Bloom Energy builds energy servers. An energy server runs on clean fuels cells. An energy server provides “100kW of power, enough to meet the baseload needs of 100 average homes or a small office building… day and night, in roughly the footprint of a standard parking space.”
Science fiction? Not at all. For 8 years, Bloom Energy has been in development mode; they have just started to deploy their servers to companies such as Google, Walmart, Staples, and FedEx. Each server currently costs $750,000; the goal is to slash the cost to $3000 within a decade.
A price of $3000 for a locally distributed, clean energy source would obviously revolutionize power generation. Will Bloom Energy be successful? We do not know. They have been successful in generating publicity, and the early results for their product are promising. Yet, for every Bloom Energy we hear about, a 1000 more Blooms are still in stealth (development) mode. Most will never be successful, but the few who are will transform world. And no one can predict which Blooms will succeed.
In the months to come, politicians, the economically illiterate, and those who support a larger role for government will chant louder and louder: We need a new energy policy. The government owes it to the people to do something about the coming energy crisis. Someone needs to do something to secure our energy future.
The federal government was designed by the framers of the Constitution to be slow-moving. Legislation was to be hard—not easy—to pass. The Senate was designed to be the place where bills without broad support would die.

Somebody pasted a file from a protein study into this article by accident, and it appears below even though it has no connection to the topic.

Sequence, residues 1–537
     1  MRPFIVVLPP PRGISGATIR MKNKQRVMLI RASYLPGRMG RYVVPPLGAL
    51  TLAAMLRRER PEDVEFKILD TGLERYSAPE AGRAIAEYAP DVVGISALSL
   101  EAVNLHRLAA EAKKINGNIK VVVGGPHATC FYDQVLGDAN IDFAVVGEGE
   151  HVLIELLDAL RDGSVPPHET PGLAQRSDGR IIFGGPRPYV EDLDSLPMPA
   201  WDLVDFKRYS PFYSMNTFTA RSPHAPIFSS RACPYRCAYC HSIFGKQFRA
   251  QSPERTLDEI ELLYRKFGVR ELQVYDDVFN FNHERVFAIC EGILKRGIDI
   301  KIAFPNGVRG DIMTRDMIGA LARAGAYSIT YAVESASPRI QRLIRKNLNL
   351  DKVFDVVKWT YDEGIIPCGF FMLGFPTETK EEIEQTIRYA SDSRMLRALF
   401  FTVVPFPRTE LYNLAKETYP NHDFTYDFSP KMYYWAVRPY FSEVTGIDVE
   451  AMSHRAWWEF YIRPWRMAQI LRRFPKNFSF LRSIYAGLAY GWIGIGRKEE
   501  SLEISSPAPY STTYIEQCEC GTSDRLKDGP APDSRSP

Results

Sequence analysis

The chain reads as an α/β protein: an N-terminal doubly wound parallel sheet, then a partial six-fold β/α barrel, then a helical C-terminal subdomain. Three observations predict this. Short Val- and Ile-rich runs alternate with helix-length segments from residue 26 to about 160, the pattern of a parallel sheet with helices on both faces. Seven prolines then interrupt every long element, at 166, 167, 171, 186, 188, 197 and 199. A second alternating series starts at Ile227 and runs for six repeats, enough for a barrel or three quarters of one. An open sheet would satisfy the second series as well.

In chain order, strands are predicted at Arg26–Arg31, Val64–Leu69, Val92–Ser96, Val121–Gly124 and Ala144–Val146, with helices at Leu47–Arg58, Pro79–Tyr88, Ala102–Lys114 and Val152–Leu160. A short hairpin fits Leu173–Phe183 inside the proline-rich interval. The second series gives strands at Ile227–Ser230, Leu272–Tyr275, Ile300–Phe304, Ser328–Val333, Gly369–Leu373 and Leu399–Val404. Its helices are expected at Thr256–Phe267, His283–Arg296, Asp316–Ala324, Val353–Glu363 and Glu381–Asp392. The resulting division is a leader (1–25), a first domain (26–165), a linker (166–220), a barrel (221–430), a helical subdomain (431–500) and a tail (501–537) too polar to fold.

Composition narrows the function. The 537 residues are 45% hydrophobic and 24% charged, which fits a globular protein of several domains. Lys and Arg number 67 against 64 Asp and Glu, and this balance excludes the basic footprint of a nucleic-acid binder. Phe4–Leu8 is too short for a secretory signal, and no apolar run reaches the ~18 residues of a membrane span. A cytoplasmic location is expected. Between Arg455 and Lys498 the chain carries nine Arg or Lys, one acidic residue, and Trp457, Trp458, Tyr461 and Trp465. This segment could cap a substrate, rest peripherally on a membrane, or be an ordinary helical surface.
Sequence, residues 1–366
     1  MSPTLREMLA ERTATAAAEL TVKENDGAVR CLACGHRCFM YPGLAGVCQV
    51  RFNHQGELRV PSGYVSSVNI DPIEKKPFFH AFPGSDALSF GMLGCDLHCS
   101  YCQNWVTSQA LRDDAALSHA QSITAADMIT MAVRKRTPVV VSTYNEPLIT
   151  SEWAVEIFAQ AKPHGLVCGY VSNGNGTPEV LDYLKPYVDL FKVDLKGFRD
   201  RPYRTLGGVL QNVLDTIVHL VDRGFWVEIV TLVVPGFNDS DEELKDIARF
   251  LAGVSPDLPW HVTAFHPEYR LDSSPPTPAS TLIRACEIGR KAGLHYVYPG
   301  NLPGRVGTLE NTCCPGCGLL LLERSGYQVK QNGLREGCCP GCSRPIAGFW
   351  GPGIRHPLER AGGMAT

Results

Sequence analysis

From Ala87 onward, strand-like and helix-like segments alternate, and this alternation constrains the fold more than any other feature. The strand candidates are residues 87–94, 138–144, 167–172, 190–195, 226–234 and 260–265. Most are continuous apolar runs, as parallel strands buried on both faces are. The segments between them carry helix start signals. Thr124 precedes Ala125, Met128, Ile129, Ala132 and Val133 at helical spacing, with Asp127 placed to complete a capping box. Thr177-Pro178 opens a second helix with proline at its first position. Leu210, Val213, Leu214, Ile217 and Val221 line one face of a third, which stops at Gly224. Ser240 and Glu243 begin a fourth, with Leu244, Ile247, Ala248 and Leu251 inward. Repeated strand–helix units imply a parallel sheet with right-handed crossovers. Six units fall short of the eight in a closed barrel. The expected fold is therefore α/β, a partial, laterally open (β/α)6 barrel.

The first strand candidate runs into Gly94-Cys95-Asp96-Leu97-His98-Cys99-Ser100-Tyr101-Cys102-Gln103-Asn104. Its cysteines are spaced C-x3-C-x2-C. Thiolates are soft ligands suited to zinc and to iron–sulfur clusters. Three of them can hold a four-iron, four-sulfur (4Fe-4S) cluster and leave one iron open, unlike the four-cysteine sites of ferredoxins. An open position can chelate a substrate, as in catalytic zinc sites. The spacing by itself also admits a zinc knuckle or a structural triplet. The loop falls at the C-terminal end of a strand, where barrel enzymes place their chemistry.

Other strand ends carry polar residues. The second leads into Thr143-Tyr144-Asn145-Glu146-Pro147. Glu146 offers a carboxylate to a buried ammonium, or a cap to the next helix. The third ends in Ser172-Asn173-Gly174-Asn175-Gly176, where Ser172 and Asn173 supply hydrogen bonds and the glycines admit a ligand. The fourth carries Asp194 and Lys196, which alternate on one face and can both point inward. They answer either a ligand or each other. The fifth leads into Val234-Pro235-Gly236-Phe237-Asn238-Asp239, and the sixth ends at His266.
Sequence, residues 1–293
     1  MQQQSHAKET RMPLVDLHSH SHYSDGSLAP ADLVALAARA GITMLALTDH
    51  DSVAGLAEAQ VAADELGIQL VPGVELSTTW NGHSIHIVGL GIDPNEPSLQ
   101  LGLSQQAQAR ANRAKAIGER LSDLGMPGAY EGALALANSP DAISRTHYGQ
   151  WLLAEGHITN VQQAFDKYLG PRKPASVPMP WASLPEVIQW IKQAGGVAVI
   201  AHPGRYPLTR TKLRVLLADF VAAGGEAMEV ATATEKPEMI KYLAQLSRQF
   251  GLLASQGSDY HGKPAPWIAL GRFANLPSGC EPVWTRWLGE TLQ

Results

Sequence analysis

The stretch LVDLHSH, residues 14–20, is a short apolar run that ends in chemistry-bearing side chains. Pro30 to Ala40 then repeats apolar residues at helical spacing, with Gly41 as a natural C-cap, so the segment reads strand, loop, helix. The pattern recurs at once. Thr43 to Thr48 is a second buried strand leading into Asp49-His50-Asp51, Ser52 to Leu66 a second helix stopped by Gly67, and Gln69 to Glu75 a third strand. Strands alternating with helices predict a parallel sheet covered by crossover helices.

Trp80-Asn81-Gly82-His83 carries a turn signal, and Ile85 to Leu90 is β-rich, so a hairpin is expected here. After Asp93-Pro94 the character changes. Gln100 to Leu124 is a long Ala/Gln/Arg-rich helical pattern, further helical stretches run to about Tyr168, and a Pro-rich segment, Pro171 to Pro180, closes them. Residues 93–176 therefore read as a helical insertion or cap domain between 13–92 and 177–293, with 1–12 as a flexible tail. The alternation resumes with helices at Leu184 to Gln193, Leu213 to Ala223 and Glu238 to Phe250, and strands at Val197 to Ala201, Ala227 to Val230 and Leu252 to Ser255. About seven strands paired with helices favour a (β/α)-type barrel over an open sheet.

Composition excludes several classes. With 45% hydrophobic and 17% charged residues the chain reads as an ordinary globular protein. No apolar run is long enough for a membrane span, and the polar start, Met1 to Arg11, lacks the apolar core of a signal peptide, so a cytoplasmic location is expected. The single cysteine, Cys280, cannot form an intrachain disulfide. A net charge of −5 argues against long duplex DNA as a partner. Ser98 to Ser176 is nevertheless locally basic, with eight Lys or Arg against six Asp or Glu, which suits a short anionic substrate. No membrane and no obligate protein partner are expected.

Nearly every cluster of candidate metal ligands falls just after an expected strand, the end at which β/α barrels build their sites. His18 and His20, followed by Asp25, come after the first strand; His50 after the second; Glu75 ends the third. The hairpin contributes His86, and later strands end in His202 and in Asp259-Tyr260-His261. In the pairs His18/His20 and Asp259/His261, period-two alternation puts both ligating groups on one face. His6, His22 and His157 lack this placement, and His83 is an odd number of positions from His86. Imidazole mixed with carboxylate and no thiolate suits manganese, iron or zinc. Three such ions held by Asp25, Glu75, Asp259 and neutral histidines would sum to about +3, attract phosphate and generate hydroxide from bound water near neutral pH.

Why would the Founders design our system of government in this way? They understood that a free society innovates and creates wealth —politicians and planners are unable to do that. Elected officials were to be stewards of the founding principles of the country and not central planners meddling in every aspect of our lives. The Constitution was designed to bind the government to very limited and enumerated powers. Thomas Jefferson wrote clearly, “In questions of power, then, let no more be heard of confidence in man, but bind him down from mischief by the chains of the Constitution.”
There is seemingly no end to the mischief that politicians propose. And, about the effects of what they propose, they are seemingly ignorant. In his book The Fatal Conceit, Nobel laureate in economics Friedrich Hayek observed, “The curious task of economics is to demonstrate to men how little they really know about what they imagine they can design.” Having written The Road to Serfdom, his seminal cautionary book, Hayek would not be shocked by how vivid the imaginations of American politicians have become as they “design” our future.
Entrepreneurs are essential to secure our future freedom. They help lower the costs and improve the quality for essential products. They help to decentralize power by overthrowing incumbents and channeling decision-making away from government. Congress does the exact opposite—they centralize decision-making and raise costs by subsidizing that which cannot exist in a free market.
The Blooms of the world need capital. Unfortunately, we are in a destructive spiral in many areas of the economy—more government involvement and more subsidization which leads to more problems and triggers more demands that government “solve” the problems.
George Gilder gives us the antidote: “The first great rule of enterprise is do not solve problems, pursue opportunities. Problems are infinite and they multiply continuously; when you solve them, you are back where you began. Governments specialize in creating problems that they then generously solve for the people, creating yet more serious and more systemic problems in the process.”
Every day, tens of thousands of people are working tirelessly to secure our energy future. Like Bloom Energy, they’re doing it in stealth mode—we won’t hear about them until they begin to be successful. Politicians will tell us it’s too risky to bet on Blooms. Should we trust the “wisdom” of the politicians or of the Blooms?